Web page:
But Mr Birmingham also said any outcome from the WTO may take years and victory against China is not assured.
A WTO is meant to issue its decision within nine months, but it usually takes much more time. If the panel's decision is appealed, the Appellate Body is meant to make its decisions within 90 days, but nor is this time frame met in many cases, said the ABC report.
At issue, is the five-year 80.5 per cent barley tariff China imposed in May. More than half of all Australian barley exports in 2019 were sold to China, worth about A$600 million (US$457.4 million) a year to Australian farmers.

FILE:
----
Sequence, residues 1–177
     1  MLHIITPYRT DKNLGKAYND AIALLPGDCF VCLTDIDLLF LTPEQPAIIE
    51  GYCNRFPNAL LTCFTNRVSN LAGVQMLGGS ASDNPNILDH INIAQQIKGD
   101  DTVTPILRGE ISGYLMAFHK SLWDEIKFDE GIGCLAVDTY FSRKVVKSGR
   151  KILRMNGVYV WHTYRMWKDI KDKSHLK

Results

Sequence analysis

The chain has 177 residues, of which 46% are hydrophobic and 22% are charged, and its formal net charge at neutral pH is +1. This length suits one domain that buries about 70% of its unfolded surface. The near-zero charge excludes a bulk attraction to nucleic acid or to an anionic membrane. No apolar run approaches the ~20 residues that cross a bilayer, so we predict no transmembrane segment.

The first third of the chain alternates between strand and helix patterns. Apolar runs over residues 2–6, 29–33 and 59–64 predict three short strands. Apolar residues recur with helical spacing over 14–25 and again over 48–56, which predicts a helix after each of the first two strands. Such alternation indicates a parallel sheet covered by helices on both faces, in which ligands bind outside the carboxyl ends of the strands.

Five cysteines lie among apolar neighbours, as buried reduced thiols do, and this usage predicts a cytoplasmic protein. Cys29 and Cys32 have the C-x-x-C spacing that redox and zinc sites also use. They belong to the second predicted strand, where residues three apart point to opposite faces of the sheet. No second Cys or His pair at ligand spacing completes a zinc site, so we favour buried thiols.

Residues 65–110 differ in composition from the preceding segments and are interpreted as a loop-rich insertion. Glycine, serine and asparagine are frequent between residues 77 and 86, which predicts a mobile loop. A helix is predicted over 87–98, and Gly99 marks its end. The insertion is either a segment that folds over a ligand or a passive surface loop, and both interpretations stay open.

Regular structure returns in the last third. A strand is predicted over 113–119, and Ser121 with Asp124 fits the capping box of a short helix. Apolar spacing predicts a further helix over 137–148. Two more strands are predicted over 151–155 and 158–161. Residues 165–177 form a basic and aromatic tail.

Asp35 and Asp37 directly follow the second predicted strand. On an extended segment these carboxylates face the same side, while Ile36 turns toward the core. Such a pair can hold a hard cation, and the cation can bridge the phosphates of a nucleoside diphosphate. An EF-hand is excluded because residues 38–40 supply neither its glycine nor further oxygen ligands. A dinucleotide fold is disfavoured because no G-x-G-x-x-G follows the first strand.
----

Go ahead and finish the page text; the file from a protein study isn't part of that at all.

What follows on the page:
Chinese authorities began an anti-dumping investigation into Australian barley in November 2018. Anti-dumping trade rules are meant to protect local producers from unfair competition from 'dumped' imported goods.
Dumping occurs where a firm sells goods in an overseas market at a price lower than the normal value of the goods. China calculated the normal value of barley using 'best information available' on the grounds that Australian producers and exporters failed to provide all information Chinese investigators requested.
The barley tariff will last for five years unless Chinese investigators initiate a review and decide to extend it beyond 2025.
The WTO has found China's use of similar methods in several past disputes breached WTO rules. But every case depends on very specific facts. The past rulings against China do not necessarily predict the result here.